Thursday, February 23, 2012

Baptists, Mormons, and Choice

Thoughts on Baptists and Mormons and Choice:
Moral Agency, Soul Liberty, and the Importance of being able to Make Choices

In Latter Day Saint’s (Mormon) doctrine, the notion of moral agency distinguishes the rightness of choices, such as whether to drink alcohol, from the freedom to make those choices. One may be appropriately free to choose to engage in some action, but morally wrong to exercise that freedom. For instance, when Mitt Romney first decided to run for public office, he told church leaders that he would say that he opposed abortion personally, but that such private beliefs shouldn’t be imposed on others. Romney argued that this view was acceptable under the Mormon doctrine of moral agency.

Francis Wayland, Baptist minister and president of Brown University (1827–1855) credited Roger Williams (briefly a Baptist himself) with establishing the commonwealth of Rhode Island on the fundamental principle of "perfect freedom in religious concerns; or, as he so well designated it, 'Soul Liberty.' No man of his age had so clear conceptions of the rights of conscience as the founder of Rhode Island, and no one had ever carried them so honestly to their legitimate conclusions. I go further: no one has yet been able either to take from or add to the principles of religious liberty which he so simply and powerfully set forth. They stand as imperishable monuments to his fame, like the obelisks of Luxor, on which the chiseling of every figure is now just as sharply defined as when, three thousand years since, they were left by the hand of their designer."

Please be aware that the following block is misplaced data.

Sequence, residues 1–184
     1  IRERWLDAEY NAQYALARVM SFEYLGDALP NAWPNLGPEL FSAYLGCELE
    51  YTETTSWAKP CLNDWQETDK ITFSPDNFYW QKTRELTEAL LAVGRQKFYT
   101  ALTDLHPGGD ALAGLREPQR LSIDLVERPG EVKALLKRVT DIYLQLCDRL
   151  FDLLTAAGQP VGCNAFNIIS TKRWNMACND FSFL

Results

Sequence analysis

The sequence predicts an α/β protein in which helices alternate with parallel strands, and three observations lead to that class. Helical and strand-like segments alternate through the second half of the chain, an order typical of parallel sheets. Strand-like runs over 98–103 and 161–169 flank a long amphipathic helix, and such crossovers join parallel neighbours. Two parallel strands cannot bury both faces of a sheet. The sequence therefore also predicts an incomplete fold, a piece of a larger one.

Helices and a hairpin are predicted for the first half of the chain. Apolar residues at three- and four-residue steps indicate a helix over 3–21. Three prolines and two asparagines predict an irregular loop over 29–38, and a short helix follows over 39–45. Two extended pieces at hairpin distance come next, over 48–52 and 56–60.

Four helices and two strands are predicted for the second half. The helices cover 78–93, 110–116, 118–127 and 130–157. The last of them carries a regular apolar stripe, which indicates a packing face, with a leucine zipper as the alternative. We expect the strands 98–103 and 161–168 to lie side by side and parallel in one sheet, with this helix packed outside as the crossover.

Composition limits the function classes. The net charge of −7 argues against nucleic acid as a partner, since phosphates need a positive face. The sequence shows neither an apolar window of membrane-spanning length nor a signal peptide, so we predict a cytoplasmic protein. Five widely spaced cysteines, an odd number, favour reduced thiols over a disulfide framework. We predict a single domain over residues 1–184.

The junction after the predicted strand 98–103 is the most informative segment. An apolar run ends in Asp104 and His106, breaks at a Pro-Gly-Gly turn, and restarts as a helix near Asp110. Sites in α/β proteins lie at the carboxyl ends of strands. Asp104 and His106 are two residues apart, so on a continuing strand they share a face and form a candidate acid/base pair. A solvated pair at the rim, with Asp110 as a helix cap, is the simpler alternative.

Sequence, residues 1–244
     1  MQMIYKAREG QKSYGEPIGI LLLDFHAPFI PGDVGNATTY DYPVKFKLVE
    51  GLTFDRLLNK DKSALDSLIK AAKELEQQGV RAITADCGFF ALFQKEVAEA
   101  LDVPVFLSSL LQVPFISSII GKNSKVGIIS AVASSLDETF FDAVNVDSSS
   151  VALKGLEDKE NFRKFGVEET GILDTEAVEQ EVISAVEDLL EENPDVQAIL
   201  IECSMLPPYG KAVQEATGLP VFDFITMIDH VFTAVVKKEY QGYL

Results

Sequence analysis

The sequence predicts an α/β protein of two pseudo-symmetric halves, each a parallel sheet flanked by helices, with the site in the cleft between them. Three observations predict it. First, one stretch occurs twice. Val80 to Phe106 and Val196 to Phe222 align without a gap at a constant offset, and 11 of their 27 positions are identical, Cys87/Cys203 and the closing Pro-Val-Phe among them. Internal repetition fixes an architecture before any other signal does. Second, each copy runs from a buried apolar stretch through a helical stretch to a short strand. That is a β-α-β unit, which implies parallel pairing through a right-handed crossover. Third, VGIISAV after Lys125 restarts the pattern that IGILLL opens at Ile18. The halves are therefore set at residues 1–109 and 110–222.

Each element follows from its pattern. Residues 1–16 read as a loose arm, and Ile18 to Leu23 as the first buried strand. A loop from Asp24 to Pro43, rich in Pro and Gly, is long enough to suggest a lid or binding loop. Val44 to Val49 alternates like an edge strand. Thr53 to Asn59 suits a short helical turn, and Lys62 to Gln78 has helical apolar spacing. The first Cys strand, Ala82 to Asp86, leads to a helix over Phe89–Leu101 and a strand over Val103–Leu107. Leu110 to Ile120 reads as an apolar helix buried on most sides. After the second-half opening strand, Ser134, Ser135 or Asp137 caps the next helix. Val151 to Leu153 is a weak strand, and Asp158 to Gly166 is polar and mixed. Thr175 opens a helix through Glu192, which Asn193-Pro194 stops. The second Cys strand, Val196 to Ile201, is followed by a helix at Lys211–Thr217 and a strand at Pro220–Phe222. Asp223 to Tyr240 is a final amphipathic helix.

Amongst Baptists, the doctrine in question is also called “soul competency.” Whether “soul liberty” or “soul competency” the basic concept is that each person has the liberty (is competent) to choose what his/her conscience or soul dictates is right, and is responsible to no one but God for the decision that is made.

Jimmy Carter, speaking to a Baptist gathering, asked a rhetorical question: "How many believe that the Supreme Court ruling in Roe vs. Wade was appropriate and should remain unchanged, or that all abortions under all circumstances should be prohibited?" After giving several other examples, he concluded, “You see the divisive nature of these kinds of questions and they are the cause of the separations and divisions that have debilitated so much the world Christian church." He went on to liken such divisive issues to a controversy in the early Church saying that such questions should have “the same historical status as eating meat offered to idols.”

Jimmy Carter, like Mitt Romney (at least early in Mitt’s political career, if not now), understands the issue of abortion to best be left to the realm of private belief. Romney understands it in terms of the Mormon doctrine of “moral agency.” Carter understands the issue in terms of the Baptist doctrine of “soul liberty.” Both Mormons and Baptists have deeply held religious beliefs concerning the ability of the individual to make a choice. Both Carter and Romney have referenced these religious beliefs when speaking to the issue of abortion and both have given theological reasons for their positions.

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